• more than 60% operated a franchise business;
  • 33% of the businesses were in and commercial and residential services;
  • the value of the businesses started ranged from less than $100,000 to more than $2 million; most were estimated to be worth between $100,000 and $250,000;
  • 26% rolled over $100,000 to $150,000; 16% rolled over $150,001 to $250,000;
  • respondents invested a weighted average of 52% of their total retirement assets (37% used 10% to 30%, and 26% used 80% to 100%);
  • 40% covered all their capital needs with rollover funds (i.e., 60% required additional sources);
  • about 75% employ one to three full-time employees; and
  • almost 50% of employees participate or intend to participate in the company retirement plan.

ROBS Probs? Not Really.

In October 2008, the IRS issued a memorandum stating it would be taking a closer look at what it called "ROBS" (rollovers as business start-ups) transactions. The acronym was apt from an agency looking to curb abuses of what many consider a loophole in the ERISA legislation of 1974 that made it possible to tap retirement funds to start a business.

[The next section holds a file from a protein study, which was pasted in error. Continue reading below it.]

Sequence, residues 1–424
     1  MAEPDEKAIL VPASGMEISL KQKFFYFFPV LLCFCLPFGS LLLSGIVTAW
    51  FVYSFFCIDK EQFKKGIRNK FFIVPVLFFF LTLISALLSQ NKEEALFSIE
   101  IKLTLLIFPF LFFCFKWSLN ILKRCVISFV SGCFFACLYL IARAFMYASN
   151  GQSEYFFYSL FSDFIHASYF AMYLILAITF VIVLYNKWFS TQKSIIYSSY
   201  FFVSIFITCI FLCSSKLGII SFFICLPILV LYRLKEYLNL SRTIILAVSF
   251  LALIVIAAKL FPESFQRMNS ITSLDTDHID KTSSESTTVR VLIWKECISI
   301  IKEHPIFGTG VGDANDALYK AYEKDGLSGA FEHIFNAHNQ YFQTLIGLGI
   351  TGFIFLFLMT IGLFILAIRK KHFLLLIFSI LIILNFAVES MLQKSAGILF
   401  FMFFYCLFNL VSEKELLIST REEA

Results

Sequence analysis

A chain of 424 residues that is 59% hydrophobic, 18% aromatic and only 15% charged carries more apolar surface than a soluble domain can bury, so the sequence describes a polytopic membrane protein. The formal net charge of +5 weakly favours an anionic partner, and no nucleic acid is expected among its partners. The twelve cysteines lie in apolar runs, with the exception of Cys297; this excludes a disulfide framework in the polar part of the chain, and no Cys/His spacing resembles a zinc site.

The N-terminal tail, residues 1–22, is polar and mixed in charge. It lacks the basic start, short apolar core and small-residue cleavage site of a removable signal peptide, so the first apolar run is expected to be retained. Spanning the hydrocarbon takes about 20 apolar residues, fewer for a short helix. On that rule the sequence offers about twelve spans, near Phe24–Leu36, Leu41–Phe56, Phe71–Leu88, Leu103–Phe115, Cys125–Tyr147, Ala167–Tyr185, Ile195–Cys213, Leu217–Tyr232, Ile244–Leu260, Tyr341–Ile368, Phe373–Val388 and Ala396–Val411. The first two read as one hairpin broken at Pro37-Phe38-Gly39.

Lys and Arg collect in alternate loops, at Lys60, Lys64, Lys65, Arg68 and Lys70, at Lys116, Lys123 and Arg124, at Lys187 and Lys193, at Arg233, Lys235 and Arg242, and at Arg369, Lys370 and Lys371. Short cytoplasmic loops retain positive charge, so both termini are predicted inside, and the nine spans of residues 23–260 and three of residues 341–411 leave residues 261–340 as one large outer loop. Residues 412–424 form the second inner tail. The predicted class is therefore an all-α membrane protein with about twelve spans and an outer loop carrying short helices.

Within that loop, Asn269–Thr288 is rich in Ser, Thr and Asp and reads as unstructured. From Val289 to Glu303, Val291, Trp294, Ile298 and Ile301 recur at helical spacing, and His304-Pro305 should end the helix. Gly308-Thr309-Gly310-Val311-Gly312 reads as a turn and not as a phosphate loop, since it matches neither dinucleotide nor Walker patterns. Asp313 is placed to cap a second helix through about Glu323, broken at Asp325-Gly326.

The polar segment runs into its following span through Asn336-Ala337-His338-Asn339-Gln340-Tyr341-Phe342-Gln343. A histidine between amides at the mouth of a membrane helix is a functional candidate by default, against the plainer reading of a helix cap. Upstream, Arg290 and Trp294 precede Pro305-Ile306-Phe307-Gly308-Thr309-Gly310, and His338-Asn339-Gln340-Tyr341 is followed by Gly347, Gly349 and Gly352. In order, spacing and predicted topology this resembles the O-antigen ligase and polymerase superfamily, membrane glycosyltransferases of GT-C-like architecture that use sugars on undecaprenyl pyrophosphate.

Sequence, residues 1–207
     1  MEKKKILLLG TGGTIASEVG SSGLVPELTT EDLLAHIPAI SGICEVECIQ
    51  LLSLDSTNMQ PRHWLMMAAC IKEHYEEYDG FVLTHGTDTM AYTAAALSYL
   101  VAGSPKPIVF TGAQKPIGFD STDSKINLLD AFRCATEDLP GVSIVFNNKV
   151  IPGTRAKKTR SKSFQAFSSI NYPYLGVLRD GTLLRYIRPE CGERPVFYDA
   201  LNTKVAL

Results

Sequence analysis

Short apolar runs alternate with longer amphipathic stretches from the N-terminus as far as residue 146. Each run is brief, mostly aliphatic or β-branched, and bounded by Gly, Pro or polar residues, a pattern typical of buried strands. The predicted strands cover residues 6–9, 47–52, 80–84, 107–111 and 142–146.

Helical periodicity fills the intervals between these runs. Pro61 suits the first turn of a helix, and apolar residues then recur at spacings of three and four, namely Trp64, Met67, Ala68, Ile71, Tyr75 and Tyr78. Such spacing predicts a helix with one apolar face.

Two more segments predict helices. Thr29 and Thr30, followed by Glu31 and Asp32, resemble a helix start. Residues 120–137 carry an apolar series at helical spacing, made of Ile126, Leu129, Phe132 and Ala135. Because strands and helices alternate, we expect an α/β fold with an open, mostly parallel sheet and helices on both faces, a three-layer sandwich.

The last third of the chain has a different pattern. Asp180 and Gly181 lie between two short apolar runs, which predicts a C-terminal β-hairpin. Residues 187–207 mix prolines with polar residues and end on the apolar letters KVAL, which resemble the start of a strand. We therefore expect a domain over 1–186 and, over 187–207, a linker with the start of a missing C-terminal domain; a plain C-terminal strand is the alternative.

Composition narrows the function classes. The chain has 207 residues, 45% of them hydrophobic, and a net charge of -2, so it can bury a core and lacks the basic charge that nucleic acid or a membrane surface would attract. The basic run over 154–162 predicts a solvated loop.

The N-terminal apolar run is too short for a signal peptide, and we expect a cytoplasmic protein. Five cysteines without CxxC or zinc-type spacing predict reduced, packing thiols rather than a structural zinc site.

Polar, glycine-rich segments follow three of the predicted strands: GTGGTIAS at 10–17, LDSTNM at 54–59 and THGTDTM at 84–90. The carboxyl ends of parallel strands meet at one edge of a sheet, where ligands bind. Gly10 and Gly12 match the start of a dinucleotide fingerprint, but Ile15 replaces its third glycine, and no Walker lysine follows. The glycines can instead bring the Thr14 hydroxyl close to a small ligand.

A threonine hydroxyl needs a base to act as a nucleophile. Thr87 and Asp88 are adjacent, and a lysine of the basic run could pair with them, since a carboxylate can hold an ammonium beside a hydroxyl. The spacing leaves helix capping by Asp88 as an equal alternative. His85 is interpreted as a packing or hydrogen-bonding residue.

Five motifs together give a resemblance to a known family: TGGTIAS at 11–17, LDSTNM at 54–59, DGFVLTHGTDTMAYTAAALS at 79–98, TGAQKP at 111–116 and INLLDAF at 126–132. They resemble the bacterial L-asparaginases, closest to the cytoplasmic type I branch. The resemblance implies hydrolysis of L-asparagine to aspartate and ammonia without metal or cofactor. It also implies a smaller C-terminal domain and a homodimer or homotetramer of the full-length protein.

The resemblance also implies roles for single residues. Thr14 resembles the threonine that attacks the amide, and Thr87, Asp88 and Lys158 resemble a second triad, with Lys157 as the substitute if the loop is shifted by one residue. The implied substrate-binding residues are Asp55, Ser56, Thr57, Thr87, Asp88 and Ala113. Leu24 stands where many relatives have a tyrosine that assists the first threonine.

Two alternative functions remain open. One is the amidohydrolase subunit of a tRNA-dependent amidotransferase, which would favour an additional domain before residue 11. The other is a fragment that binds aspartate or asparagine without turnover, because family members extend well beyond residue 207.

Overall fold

In its memo, the IRS stated: "While ROBS would otherwise serve legitimate tax and business planning needs, they are questionable in that they may serve solely to enable one individual's exchange of tax-deferred assets for currently available funds, by using a qualified plan and its investment in employer stock as a medium. This may avoid distribution taxes otherwise assessable on this exchange."

Many retirement professionals advise strongly against rolling over a retirement plan to fund a business, citing heightened IRS scrutiny and severe penalties and interest for even the slightest signs of noncompliance. However, when these plans are done correctly, there should be no problem.